On the one hand, you have NIMBYs: typically wealthy, white baby boomers blocking housing and transportation projects because of the minor inconveniences (traffic congestion, noise, unwanted new residents) those changes would bring, as well as working-class activists and progressives fighting gentrification and displacement in their own neighborhoods. (The latter arguably more moving than the former.) And on the other, YIMBYs (imagine NIMBY, but “yes” instead of “no”): sometimes progressive millennials and urban planners facilitating more affordable homes through increased density and housing development across the board. Or other times, anti-poor, pro-luxury developer activists overly focused on a free-market approach that promises the “filtering” down of housing from the rich to the poor.
Again: it’s complicated.
In the case of Tom’s, the pro-development argument would be that Tom’s had already been zoned for up to eight stories of development in the heart of Denver, a city facing a housing shortage, along a historically seedy strip that is slated to undergo major transformation with the development of a bus rapid transit system. “It’s on Colfax, it’s near the Capitol in downtown,” YIMBY Denver president Adam Estroff told Eater over the phone. “We don’t want to see that ability to put in housing to be taken away.”
This argument, according to Németh, involves weighing the collective good or the personal enjoyment of a single building: “It’s not about tearing down people’s houses and … creating lifeless, 100-story towers all over town. It’s about strategically deciding where density needs to go. If we want to live up to the goals of our city plans — in which we say we want more people riding transit, more active street life, getting people out of their cars — this is one of the main steps to doing that.”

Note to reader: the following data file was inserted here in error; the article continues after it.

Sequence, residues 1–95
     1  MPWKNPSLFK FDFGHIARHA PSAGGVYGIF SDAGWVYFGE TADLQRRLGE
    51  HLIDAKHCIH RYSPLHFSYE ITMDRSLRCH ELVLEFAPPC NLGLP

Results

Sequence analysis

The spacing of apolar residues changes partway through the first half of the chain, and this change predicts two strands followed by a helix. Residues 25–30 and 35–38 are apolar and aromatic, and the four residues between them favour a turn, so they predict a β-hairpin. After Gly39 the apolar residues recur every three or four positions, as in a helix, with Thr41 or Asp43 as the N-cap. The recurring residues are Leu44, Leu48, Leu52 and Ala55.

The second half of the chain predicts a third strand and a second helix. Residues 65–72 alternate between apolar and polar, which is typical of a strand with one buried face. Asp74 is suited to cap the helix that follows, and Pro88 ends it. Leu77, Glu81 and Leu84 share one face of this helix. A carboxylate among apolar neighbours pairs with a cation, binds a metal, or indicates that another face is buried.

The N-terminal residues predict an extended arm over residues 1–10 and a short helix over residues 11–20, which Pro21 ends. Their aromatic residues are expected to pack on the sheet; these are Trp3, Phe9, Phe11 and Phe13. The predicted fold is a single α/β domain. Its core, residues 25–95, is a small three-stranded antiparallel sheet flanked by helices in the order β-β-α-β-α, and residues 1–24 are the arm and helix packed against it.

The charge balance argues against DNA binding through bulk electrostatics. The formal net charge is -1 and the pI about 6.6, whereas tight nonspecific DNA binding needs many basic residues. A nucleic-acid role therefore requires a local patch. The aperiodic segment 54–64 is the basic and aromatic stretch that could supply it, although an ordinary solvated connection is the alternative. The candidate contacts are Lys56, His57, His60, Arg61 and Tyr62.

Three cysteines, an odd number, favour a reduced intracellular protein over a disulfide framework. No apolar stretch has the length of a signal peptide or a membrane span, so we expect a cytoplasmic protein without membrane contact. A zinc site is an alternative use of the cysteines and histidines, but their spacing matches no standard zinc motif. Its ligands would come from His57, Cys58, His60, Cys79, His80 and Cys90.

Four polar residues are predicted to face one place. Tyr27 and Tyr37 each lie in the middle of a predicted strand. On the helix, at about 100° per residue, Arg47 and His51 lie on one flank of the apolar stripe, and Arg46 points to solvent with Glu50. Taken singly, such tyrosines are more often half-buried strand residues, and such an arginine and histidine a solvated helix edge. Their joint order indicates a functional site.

However, there has been a wave of backlash against the rapid growth that has taken place in Denver the last 8-10 years, according to Andrew Goetz, co-author of Metropolitan Denver: Growth and Change in the Mile High City and a professor specializing in urban studies, and urban and regional planning and policy at the University of Denver. “Some of the neighborhoods in Denver have become skeptical about new development and have wanted to limit the amount of development that’s coming in, limit the height of new buildings, and try to maintain the character of these neighborhoods,” he told Eater over the phone.
Those groups of anti-development people, he said, may include long-time residents fighting displacement and change in the face of gentrification, and it may include people who are more concerned with increasing traffic, or who are frankly a little xenophobic — ”there is somewhat of a confluence between those viewpoints, but politically they’re coming at it from different perspectives,” he said. “But in the end, they agree they don’t want to see this kind of development taking place.”
The main NIMBY argument against demolishing and redeveloping Tom’s, as detailed in the application to landmark it, has been that the building is culturally, historically, and architecturally significant. Built in 1967 as part of a local White Spot chain established by prominent Denverite William F. Clements, it was designed by California architects Armet and Davis, well known for their Googie architecture. Out of three remaining Googie-style White Spot structures in Denver, Tom’s is the only one that hasn’t been significantly altered. The applicants also point out that in 2009, Tom’s was deemed eligible for the National Register of Historic Places, although Messina ultimately decided to not list the building.
Jessica Caouette, one of the applicants, said in a phone interview that the group had been working with Historic Denver and with Messina throughout the whole process to try to come up with an alternative that wouldn’t involve razing Tom’s. In an act of concession, the commissioners dropped the parking lot around the diner from the landmark application, so that theoretically an apartment building could be built around the diner — a move that Messina said wouldn’t net him the same amount of money due to developer reluctance to lose prime real estate, but that Historic Denver suggested could work based on successful development solutions in the past.